If you use leverage to invest, it will be your best source.
Mortgages on real estate
Debt is good when it’s productive.
A mortgage on real estate is productive leverage.
If your tenants’ rent covers the mortgage and property upkeep costs, then it’s good debt.
Maximize your good debt.
Minimize bad debt.
A budget doesn’t tell you that you can’t spend money,
A budget tells you how you should spend your money.
Categories you’ll focus on:
Earnings are your budget inflows from:
- Your job
- Side hustles
- Investment income
To improve your budget focus on this category.
While you’re limited in how much you can cut costs, you’ll never reach the full limit of your income potential.
Three ways you can increase your income are:
- Get a raise
- Start a new job
- Generate side income
Start a new job
Research shows if you stay in the same job for more than two years, it costs you money.
Your manager can only give you a minimal annual raise, but you go back to the market when you start a new job.
Generate side income
A side hustle is an income you earn outside your 9 to 5.
To generate side income today, all you need is:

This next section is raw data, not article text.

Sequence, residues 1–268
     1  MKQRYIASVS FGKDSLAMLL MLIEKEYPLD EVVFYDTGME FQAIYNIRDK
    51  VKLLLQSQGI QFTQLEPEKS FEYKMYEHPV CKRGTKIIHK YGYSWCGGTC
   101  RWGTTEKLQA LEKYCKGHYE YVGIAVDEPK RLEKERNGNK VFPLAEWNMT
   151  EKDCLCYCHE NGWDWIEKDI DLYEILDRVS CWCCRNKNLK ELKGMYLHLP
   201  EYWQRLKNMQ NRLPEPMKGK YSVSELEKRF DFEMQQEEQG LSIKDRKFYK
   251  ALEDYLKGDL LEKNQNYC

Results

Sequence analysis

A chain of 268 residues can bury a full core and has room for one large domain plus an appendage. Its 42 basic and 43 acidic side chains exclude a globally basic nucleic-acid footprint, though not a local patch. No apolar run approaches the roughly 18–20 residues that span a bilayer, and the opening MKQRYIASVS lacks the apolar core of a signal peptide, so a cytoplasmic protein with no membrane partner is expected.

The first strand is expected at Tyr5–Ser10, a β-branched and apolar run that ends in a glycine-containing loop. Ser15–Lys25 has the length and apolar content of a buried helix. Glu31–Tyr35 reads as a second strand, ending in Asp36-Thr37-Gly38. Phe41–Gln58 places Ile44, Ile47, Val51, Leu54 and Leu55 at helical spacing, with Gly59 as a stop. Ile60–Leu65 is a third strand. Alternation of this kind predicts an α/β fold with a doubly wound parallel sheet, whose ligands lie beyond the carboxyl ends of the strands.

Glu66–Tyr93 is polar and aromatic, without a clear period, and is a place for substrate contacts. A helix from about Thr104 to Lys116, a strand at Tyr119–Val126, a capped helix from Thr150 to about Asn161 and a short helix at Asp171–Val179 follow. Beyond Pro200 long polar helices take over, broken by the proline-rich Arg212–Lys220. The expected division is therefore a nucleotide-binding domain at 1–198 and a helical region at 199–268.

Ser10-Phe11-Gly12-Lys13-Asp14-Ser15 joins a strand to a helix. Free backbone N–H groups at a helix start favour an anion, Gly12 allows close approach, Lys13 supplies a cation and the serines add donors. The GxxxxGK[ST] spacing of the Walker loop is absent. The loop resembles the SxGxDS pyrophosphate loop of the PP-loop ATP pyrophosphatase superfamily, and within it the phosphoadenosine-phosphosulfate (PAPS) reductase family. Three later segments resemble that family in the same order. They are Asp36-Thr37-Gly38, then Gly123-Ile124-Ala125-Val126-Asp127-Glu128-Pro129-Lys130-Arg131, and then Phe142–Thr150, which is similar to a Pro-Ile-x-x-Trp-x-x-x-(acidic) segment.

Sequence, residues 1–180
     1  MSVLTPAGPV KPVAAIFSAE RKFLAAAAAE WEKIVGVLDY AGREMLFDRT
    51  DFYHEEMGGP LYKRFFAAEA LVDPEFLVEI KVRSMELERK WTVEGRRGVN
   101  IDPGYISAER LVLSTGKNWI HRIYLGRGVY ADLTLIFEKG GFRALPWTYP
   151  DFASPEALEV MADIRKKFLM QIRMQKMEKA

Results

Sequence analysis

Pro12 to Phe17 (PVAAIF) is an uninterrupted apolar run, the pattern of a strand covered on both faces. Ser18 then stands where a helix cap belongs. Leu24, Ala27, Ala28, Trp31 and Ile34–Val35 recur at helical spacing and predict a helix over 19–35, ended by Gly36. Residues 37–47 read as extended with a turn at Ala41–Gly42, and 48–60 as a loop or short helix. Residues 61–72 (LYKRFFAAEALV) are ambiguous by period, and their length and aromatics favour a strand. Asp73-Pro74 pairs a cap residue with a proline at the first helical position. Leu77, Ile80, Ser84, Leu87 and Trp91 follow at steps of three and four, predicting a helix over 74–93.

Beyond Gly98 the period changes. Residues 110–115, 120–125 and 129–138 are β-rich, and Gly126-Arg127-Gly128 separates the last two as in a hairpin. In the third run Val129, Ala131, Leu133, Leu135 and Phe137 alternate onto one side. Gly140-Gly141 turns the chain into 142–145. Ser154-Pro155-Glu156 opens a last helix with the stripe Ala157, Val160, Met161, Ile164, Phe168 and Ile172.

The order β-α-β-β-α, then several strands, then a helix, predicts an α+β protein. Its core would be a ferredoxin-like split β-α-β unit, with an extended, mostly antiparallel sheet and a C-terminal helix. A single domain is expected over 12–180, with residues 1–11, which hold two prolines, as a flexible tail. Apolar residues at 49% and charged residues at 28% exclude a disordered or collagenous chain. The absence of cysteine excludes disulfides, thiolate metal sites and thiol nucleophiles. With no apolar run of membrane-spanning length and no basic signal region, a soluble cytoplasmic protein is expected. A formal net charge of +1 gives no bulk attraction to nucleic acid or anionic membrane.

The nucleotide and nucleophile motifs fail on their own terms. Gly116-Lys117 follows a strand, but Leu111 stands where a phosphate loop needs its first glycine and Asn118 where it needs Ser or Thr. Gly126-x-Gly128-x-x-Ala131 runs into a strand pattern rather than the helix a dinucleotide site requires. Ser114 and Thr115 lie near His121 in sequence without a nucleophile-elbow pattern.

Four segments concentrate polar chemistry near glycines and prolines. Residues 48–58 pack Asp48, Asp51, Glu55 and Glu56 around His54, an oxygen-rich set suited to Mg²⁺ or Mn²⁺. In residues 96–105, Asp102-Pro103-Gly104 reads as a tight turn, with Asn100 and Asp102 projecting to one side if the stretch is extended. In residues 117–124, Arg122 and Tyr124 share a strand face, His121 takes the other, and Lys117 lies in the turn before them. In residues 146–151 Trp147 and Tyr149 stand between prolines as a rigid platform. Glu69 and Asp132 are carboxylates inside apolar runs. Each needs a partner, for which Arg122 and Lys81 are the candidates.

- an idea
- a phone
Your expenses can be broken into fixed and variable costs.
Fixed expenses remain consistent month to month – your rent, car payment, etc.
Variable expenses change with your behaviors: gas, eating out, food, and entertainment.
Needs versus wants
Variable expenses should be broken down into needs and wants.
Needs are non-negotiable:
Wants are what they sound like – it’s spending money on what you want.
The Big 3
The big three expenses for you are:
A certain portion of the cost is a need – the bare necessity.
The remaining amount you can control – the want.
The first step in reducing spend is to know: Need versus Want.
Remove the ego
Your ego drives your wants.
What you need:
- basic transit
- a roof over your head
- sufficient food to live life
What you want:
- a shiny new car
- the penthouse downtown
- eating out 3 nights per week
Kill your ego to reduce your spend.
Audit your spend
Look at your last six months of credit card statements and ask yourself:
- was this a need
- was it a want
- do I use it
Step 1: Understand, is it a need or want
Step 2: Learn to reduce your wants
Eliminate what isn’t necessary by recognizing it.
You should spend on your wants.
If you can’t enjoy life, you aren’t living, but there’s a better way.
Focus on productive wants.
If you value time and cleanliness, hire a housekeeper.
It increases your productivity and scratches the want itch.
With investments, focus on:
- Invest in you
- pay yourself first
- put your army to work
To achieve financial independence or become a millionaire, your investments matter.
Invest in you